The actual laws of Reformation Germany form the third section of the book. There were laws regulating religious matters and public morals that had changed only superficially from their medieval predecessors. However, the regulation of charity as a secular, social institution for the aid of only the worthy poor was an innovation. Education law had also changed a great deal, providing for some rudimentary education of all members of society, at civic expense, in order to prepare them for their vocations in a Christian society. But the most sweeping changes of all came in marriage legislation, a subject on which Witte has previously written. No longer a sacrament, but a civic institution, marriage was now not under church control. There were fewer impediments to contracting a valid marriage, but mutual consent of the parties was no longer sufficient for the contract to be binding. As a social institution, marriage now required parental consent and community witnesses, but could also be dissolved by the decision of the magistrate.
 Witte also adds that the new public nature of marriage, education, and charity in the Lutheran Protestant society resulted in sweeping changes, not only in these central institutions, but also in such fundamental areas as the role of women in society and the relationship of state and church. In a world without the convent as a refuge for intellectual women, the subordinate role of wife was the only option. And in a world where the state controlled the ecclesiastical structures, for the first time the concept of a state established religion was now possible. Our modern struggles for the freedom and equality of all religions and both sexes, he says, have their roots in this period.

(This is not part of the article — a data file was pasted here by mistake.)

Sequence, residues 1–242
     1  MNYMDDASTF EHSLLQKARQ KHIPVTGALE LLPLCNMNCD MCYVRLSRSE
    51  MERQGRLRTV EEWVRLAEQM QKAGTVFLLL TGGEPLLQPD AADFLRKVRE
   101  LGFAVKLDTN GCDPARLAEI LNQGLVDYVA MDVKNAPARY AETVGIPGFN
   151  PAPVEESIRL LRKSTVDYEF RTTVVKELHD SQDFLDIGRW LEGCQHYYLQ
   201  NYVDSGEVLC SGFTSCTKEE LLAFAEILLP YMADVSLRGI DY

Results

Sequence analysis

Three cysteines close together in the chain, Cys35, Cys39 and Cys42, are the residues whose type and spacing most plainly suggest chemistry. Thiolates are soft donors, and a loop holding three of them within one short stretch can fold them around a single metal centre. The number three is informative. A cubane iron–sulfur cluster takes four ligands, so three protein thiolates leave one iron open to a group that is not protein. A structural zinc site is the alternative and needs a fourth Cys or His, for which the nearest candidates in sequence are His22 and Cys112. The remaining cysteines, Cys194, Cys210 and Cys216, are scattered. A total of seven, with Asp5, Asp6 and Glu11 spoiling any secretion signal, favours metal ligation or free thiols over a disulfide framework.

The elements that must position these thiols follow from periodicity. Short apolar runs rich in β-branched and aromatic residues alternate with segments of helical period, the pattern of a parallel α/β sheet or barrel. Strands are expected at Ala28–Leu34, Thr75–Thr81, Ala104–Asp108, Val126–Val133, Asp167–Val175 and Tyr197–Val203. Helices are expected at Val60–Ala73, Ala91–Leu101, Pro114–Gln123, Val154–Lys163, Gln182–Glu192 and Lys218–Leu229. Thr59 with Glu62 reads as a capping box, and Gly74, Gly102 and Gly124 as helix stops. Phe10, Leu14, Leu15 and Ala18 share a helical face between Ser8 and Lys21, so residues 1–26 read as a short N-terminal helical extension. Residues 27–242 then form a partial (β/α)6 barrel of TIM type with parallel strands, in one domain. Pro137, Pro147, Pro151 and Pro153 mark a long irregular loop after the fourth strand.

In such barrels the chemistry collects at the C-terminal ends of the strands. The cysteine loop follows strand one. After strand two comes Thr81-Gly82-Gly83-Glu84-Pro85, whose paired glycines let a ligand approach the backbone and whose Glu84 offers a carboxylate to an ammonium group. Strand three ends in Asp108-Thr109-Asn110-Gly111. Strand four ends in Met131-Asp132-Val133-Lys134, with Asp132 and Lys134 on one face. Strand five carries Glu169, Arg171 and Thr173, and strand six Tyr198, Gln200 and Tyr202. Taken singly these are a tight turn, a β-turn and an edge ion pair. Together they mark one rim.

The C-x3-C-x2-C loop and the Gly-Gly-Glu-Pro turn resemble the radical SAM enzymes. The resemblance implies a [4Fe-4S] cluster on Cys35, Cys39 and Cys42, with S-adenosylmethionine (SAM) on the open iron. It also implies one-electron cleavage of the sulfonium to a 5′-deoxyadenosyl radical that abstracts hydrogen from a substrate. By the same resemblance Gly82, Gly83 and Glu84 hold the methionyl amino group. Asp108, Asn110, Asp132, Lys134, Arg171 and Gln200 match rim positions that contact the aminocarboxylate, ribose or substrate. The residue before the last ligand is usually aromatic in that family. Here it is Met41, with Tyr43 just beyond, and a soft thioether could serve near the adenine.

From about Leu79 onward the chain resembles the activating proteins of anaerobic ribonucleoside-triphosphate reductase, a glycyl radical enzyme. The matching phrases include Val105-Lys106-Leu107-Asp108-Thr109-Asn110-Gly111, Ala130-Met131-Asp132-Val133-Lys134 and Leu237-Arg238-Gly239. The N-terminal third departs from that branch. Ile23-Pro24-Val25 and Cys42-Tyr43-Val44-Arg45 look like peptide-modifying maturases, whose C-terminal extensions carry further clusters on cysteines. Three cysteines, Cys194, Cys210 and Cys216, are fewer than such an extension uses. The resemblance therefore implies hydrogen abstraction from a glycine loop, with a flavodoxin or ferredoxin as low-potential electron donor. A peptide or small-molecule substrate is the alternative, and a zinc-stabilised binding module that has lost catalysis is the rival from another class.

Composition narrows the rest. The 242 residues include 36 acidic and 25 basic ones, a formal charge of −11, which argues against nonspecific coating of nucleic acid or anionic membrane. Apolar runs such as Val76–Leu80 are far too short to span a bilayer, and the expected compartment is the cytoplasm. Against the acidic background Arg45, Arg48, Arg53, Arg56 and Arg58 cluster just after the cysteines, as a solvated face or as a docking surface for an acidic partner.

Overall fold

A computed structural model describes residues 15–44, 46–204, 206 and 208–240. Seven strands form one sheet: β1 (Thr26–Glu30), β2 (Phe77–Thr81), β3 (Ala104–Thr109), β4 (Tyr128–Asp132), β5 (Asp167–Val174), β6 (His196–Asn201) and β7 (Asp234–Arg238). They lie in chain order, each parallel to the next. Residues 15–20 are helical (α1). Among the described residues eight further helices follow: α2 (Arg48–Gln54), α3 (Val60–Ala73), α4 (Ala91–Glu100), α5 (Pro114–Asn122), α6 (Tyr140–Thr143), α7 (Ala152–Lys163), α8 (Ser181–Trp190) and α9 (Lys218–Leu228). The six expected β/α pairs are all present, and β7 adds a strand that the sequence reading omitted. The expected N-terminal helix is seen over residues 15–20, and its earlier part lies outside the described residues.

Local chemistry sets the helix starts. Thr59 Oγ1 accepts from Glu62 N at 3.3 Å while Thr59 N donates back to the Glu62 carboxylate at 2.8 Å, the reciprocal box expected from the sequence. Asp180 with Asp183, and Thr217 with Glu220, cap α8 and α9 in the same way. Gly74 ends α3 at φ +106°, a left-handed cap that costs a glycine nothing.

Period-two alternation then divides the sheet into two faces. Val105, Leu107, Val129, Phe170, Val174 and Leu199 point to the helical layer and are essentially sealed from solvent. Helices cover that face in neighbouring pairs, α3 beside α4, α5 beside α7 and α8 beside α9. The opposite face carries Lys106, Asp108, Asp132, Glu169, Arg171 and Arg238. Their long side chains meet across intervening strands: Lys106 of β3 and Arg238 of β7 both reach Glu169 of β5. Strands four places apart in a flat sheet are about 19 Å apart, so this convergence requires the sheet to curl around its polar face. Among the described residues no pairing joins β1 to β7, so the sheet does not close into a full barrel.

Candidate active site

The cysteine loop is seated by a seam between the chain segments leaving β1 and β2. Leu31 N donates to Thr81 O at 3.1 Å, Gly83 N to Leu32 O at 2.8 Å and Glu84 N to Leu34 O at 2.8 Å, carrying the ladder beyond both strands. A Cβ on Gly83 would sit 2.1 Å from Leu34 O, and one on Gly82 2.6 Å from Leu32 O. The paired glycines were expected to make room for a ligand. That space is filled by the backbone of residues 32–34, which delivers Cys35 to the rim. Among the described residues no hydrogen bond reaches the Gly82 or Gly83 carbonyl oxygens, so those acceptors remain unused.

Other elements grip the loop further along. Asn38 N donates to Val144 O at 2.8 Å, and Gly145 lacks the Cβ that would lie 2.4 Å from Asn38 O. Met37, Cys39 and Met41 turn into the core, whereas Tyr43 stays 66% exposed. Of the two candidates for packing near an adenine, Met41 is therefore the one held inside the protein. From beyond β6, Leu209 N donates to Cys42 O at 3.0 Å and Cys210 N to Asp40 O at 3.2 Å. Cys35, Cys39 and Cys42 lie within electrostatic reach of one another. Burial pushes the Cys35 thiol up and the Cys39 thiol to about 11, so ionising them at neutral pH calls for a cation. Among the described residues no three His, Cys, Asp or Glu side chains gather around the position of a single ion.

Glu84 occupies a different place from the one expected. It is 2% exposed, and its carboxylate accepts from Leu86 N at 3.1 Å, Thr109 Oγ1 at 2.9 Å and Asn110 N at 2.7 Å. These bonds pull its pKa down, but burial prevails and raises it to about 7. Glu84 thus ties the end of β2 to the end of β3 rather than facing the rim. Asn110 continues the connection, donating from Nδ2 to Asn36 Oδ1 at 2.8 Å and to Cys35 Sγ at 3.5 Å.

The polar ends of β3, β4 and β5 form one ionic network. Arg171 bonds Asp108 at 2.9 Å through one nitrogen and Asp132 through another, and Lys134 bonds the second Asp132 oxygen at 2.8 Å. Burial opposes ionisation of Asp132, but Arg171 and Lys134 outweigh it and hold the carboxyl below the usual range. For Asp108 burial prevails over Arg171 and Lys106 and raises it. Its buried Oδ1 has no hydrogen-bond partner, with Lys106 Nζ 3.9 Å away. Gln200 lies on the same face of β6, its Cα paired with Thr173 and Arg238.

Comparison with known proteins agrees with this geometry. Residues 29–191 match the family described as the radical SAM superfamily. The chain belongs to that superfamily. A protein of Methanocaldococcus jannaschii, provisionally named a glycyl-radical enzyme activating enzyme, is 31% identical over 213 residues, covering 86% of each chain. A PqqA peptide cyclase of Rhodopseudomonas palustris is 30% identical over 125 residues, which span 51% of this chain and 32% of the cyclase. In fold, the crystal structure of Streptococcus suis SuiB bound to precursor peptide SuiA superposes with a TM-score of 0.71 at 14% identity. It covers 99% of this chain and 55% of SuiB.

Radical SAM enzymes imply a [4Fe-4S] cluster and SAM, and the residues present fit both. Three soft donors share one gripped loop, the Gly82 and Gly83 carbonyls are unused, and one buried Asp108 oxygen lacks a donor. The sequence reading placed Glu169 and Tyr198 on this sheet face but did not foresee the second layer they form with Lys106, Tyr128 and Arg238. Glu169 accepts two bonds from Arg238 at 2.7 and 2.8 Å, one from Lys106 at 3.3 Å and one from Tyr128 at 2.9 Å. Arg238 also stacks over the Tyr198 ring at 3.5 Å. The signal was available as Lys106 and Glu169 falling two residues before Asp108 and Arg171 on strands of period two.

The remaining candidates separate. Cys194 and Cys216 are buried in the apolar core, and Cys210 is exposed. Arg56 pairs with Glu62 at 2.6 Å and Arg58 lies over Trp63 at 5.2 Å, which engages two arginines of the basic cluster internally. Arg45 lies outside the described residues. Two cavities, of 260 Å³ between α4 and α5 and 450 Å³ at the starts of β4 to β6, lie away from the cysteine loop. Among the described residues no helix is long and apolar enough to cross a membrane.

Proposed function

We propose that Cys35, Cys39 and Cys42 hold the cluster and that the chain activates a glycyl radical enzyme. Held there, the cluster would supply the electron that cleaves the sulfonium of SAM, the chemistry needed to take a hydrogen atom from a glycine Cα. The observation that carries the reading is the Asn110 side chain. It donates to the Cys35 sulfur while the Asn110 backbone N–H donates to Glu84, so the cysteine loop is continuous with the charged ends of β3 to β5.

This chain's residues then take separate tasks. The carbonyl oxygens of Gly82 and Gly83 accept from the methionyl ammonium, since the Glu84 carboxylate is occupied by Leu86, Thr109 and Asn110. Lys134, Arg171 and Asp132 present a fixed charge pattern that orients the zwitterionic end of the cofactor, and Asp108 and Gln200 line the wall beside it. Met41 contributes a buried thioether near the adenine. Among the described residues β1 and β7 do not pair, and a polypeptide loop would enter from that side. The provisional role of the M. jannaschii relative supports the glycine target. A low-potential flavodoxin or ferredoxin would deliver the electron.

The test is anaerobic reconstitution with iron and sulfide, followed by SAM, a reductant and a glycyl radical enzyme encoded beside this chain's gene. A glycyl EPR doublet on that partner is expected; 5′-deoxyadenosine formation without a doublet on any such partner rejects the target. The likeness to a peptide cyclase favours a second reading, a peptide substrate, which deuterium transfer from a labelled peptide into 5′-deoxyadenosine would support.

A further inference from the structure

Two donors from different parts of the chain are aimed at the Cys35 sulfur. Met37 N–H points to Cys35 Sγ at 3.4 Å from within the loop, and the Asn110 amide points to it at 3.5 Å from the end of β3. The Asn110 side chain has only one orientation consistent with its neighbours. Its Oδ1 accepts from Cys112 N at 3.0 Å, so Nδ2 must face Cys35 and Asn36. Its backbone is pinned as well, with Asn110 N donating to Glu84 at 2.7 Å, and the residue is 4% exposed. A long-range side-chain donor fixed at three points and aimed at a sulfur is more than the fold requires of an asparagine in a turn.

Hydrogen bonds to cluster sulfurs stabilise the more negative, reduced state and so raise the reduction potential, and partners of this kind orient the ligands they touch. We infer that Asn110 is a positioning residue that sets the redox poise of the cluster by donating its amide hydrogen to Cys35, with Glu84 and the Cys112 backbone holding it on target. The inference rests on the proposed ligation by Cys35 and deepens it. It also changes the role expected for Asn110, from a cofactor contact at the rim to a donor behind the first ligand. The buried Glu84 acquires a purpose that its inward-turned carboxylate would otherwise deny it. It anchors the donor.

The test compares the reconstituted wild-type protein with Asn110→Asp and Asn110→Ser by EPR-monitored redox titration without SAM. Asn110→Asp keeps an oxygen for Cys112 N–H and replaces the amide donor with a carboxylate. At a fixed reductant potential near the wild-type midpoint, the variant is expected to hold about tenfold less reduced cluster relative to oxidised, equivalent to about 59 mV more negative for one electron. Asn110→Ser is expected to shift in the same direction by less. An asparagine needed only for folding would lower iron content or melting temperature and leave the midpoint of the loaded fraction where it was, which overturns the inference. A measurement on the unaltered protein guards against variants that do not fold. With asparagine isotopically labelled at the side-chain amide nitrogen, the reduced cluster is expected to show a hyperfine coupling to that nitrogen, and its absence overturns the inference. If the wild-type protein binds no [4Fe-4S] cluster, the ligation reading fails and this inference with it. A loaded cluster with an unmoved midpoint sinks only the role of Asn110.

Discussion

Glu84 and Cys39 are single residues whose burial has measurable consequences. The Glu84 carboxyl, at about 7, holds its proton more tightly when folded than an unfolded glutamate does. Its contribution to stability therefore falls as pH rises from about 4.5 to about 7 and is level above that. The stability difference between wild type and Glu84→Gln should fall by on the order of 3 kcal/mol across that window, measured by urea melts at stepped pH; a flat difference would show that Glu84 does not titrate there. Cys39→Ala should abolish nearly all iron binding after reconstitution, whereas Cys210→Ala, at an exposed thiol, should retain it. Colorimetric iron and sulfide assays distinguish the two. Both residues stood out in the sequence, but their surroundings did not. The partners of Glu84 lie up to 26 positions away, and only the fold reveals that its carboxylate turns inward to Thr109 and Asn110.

The only disappointing note is the oddly confessional nature of the concluding chapter that doesn’t seem to fit the tone of the rest of the book. However, this is a minor complaint.
 Overall this is a wonderful book. It is readable, erudite, and persuasive. The scholarly apparatus are rich and easily used. The abundance of useful source material found in the footnotes is a valuable resource that ensures that this work will continue to be consulted as a major reference for all who are interested in these questions. And the simple, but inevitable progression to Witte’s conclusion leads the reader to agree, “Well of course he is right! Now why didn’t I ever realize that?”
 But this is more than a mere scholarly examination of a fascinating problem. The popular understanding of canon law is that it was an ancient system corrupted by evil medieval clerics and that it was eliminated by the Protestant Reformation. Witte has demonstrated most convincingly that this understanding is not well grounded. As Sieghard Mühlmann has pointed out (“Luther und das Corpus Iuris Canonici bis zum Jahre 1540,” Zeitschrift der Savigny-Stiftung für Rechtsgeschichte, Germanische Abtheilung 58  235-405) the final papal decretal of the Corpus Iuris Canonici dates from 1484, that is, within Luther’s lifetime. So to Martin Luther, these questions of corruption and the canon law were living and pertinent questions. Witte has taken up the arguments introduced by such scholars as Kuttner, Tierney, Pelikan, and more recently Helmholz, and provides a concrete and detailed explanation of the very real struggle between the desire to reject an unwieldy and somewhat corrupt canon legal system, and the need to provide structure and order for the people of Christendom.